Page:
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The Carletonian

The Carletonian

The Carletonian


    <ple experiencing sleep deprivation tend to integrate information less effectively, are more likely to make thinking and memory errors, and are more self-confident in their decisions. That is, when making these errors they are more easily convinced they are right. This is because the limbic system, the emotional system, becomes more active, while the cerebral cortex, the thinking part of the brain, is less active and perceptive. Basically, you can write a paper that is composed of absolute crap and be convinced it is the best paper you have ever written.

    As an example, let’s say you stay up till 4 in the morning to study for a 1a exam. Assuming your alarm wakes you up and you take the exam, it is probable you will be too tired to do most activities and assignments, or at least will not be able to do them well.

    The idea behind staying up is to cram more information into your head for the exam but in order for your memory and thinking abilities to work properly, sleep is necessary. Therefore withdrawing on sleep to study may not actually be more beneficial, especially when it comes to afunctioning memories (which is important for exams).

    Given, most students will at one point or another experience this situation, or a similar one. Ideally, it is important to catch up on sleep as soon as possible after the exam, before trying to complete other tasks or assignments.

    One common solution is to nap. The subsequent nap, in order to make up for the deficit, is recommend to consist of one or two sleep cycles, but no more. A sleep cycle is on average 90-100 minutes long, but varies from person to person.

    The time of day in which the nap is taken is also important for maximum effectiveness in terms of getting back on your “sleep track.” Napping should end no later than 4:00 in the afternoon.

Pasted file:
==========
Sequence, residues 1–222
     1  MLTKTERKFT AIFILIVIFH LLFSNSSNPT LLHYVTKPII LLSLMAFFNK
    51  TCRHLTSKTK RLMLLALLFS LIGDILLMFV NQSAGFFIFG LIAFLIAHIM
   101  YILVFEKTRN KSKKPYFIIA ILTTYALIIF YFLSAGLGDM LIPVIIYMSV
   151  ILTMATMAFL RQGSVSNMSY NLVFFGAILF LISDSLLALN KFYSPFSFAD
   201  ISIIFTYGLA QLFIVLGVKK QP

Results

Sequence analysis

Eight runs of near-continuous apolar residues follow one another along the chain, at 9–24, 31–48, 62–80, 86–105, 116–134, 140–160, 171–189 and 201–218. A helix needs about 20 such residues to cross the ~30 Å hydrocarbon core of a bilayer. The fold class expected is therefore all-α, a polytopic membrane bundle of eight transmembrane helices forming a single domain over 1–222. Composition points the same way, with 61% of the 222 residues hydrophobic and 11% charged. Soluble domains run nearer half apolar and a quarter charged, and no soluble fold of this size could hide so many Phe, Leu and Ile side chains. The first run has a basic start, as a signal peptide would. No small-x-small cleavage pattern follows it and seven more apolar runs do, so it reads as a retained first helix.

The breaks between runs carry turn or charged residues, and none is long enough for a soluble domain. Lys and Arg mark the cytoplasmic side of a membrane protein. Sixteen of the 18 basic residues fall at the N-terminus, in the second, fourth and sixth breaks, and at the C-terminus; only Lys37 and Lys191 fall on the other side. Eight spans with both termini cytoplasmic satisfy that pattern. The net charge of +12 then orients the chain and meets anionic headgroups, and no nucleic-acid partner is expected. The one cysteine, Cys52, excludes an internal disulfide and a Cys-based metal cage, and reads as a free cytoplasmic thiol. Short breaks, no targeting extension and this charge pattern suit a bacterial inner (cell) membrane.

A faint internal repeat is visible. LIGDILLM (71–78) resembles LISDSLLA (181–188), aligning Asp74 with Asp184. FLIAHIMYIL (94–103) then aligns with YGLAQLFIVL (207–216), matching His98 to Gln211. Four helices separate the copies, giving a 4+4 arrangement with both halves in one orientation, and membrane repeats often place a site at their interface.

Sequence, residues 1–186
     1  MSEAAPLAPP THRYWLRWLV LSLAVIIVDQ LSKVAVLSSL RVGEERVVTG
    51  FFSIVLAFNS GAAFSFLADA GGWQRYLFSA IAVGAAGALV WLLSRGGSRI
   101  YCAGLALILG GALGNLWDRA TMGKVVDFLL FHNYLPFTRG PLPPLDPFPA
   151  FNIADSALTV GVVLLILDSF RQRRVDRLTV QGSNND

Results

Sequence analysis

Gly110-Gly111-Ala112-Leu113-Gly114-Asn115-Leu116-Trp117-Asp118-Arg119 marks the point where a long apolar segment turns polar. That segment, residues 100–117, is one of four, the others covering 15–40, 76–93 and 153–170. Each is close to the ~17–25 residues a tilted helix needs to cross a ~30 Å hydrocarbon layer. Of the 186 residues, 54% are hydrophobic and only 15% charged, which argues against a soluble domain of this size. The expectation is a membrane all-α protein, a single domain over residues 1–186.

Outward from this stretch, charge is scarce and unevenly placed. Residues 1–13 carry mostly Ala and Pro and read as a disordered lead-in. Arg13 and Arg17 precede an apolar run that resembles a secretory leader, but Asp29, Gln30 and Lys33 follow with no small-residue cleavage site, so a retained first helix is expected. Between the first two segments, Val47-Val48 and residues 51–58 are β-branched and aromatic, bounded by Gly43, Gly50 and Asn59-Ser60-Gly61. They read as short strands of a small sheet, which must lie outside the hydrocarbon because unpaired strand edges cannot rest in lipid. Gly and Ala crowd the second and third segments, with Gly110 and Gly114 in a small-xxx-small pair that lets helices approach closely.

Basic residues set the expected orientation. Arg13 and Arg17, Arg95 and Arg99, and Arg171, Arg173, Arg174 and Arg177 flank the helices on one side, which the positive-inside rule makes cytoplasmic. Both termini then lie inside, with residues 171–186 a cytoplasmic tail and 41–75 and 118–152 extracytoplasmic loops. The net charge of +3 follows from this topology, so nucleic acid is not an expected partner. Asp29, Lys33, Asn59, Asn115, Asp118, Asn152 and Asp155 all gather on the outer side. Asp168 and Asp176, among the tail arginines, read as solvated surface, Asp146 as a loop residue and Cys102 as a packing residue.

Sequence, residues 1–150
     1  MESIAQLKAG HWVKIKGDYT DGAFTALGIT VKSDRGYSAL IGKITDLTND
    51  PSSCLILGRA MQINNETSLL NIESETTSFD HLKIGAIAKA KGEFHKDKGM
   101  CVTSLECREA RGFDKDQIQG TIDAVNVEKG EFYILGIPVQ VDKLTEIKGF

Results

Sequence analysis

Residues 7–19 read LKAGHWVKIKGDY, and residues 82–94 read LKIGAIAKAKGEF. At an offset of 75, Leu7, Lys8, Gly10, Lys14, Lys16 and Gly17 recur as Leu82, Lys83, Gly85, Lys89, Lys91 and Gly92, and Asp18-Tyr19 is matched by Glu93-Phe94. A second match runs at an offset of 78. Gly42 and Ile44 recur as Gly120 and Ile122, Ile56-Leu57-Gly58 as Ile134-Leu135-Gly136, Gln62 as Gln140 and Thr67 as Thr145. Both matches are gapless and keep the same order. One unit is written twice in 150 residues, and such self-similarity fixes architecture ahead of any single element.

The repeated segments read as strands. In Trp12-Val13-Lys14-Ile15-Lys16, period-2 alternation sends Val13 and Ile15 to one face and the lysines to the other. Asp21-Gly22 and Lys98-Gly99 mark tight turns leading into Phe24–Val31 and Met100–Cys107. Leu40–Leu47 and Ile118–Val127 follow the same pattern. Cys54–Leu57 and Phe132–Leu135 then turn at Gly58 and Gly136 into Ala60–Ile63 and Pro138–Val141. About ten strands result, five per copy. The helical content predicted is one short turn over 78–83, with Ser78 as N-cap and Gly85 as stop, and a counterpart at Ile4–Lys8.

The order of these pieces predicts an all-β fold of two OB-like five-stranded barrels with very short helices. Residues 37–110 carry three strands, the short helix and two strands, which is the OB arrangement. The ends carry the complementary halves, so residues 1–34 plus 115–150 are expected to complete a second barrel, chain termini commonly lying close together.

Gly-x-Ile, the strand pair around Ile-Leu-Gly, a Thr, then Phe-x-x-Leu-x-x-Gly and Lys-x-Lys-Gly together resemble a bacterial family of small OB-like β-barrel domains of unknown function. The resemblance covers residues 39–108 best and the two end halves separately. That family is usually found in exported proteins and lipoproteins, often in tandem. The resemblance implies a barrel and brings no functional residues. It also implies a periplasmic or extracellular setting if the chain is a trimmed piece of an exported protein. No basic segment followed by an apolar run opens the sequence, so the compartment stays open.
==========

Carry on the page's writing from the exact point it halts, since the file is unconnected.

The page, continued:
Napping too late in the day can delay the usual bedtime the next night, and in turn cause a long-term shift from the regular time of when if feels natural to fall asleep. This is called a delayed sleep phase shift.

    Early naps are also more beneficial because they ensure activity during the hours of the day when the sun is up. This benefits your circadian rhythmes, which should return to normal after alteration to their normal pattern (e.g. pulling an all nighter). These rhythms are a complex combination of hormonal and metabolic changes that impact alertness and the regularity of sleep. Morning sunlight is more critical to stabilizing your circadian rhythms than afternoon sunlight, so it is recommended that you rise by 9 a.m.

    In a sense, taking naps is a risk since it may cause further damage to your body’s normal patterns. If you stay up late one night, it may be best not to make an effort to get back to a normal schedule because this may causes a domino effect. Instead, try not to nap at all after an all-nighter, to help you get to sleep at a normal hour the next night.

    Another thing to remember is that caffeine is not an effective long-term way to deal with sleep deprivation. Caffeine only masks fatigue, it does not combat it.

    Rather than taking a nap or pumping yourself full of caffeine, especially after 4 p.m., take a brisk walk outside.

    For more information on sleep or the contents of this article, contact Colin Bottles ’09 or Drew Weis.

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